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Progressive Female Candidates in Columbus Get Boost from Women-Led Media Group

Madeline Stocker Madeline Stocker Progressive Female Candidates in Columbus Get Boost from Women-Led Media GroupPWITP working with Columbus School Board Candidate Amy Harkins.
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After Megan Park, the founder of Putting Women In Their Place, (PWITP) finished watching the results of the 2016 presidential election, she spent several months feeling aimless.

“I meditated a lot,” Park said. “I walked my dog. I signed lots of petitions, joined lots of grassroots groups, called my representatives. Important as all of that was – and is – it didn’t feel tangible to me. It did not draw on my strengths.”

As a professional filmmaker and self-ascribed “natural networker,” she wanted to use her skill set to do more than just reactionary change. Park saw fellow activists and change-makers focusing on national politics while neglecting the political structures of their own cities – structures that weren’t always equally representative.

“We are hugely underrepresented in government,” Park said. “Seeing a roomful of men deciding whether insurance should cover birth control reaffirms my decision to promote women.”

So, in true ‘women get things done’ fashion, Park decided to do something about it. She decided to use her skills as a producer to bring awareness to strong, progressive female candidates running for positions in local office.

With a crew of women with backgrounds in television production, news journalism, software programming and videography, Megan’s organization is by women, for women. The group creates promotional videos for female candidates running for local office, partnering with videographers across the country and pairing them with candidates that have aligned with PWITP. If a candidate agrees to a set of progressive ideals, they qualify for a video from Megan’s team.

In short, their goal is stated simply in their name – Putting Women In Their Place is working to elect women to seats “from the courthouse to the state house to the White House.”

The organization began their work in Columbus when they reached out to Yes We Can Columbus, an independent Democratic organization that is supporting a slate of five ‘unapologetically progressive’ candidates for City Council and School Board, four of which are women.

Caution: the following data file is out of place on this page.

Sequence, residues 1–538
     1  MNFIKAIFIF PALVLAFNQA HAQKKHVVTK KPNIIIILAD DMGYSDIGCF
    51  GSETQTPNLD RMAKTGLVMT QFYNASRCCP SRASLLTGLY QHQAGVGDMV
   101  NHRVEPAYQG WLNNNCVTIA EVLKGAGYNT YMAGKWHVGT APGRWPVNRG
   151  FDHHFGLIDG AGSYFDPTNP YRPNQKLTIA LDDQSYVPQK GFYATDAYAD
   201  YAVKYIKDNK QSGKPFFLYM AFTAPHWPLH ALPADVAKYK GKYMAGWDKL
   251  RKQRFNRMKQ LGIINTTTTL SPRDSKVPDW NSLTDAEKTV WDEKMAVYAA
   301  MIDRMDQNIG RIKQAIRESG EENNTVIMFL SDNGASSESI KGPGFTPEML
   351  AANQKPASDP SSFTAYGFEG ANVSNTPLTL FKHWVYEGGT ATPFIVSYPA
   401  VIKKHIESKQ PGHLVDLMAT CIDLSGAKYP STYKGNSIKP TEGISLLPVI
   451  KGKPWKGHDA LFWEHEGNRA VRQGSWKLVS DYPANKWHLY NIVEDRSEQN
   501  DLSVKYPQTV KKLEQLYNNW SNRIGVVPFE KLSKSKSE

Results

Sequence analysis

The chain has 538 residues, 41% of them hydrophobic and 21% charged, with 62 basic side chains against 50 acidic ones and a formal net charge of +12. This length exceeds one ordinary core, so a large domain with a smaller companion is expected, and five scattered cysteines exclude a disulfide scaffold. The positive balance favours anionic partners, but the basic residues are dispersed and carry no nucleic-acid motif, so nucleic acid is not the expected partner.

After learning more about the women running with Yes We Can, Megan began pulling from her networks of political activists in Columbus to connect the candidates with a local field producer.

“I was very impressed by the candidates’ passion, their clear and thoughtful answers, and their understanding of the issues that are affecting their city,” she said. “They came prepared for the interview and are clearly prepared to take office.”

For the slate of progressive Columbus women running for local office – Abby Vaile, Amy Harkins and Erin Upchurch competing for seats on Columbus School Board and Jasmine Ayres running for Columbus City Council – connecting with PWITP was a game-changer.

“We’re not corporate-funded politicians, so boosts like these are incredibly helpful,” said Amy Harkins. “As women, we don’t need a background in establishment politics to know how to get things done. When women come together to support a progressive agenda on the local level, that’s incredibly powerful.”

Megan set Amy and the rest of the Yes We Can endorsed female candidates up with Beth Menduni, a videographer who works with community organizations and neighborhood businesses to improve their marketing. At the end of the six-hour day, each of the four candidates had enough footage for Megan’s team to put together a short video highlighting each candidate’s voice and showcasing each candidate’s vision for progress.

“The fact that we’re women makes us strong candidates already,” said Jasmine Ayres, who’s running for Columbus City Council. “But the fact that we’re women with full-time jobs, unapologetically progressive agendas and grassroots funding – let’s just say we know how to put up a fight.”

For Megan, supporting grassroots candidates is part of a longer-term mission to promote a progressive agenda on both the local and national level.

“Grassroots candidates know their communities and know their neighbors,” Park said. “They don’t have to study white papers to know where the problems lie and have good ideas for fixing them … Grassroots candidates come to an issue with new perspectives and offer up different problem-solving ideas. Giving voice to grassroots candidates returns government to the people.”

To learn more about the organization go to: puttingwomenintheirplace.com.

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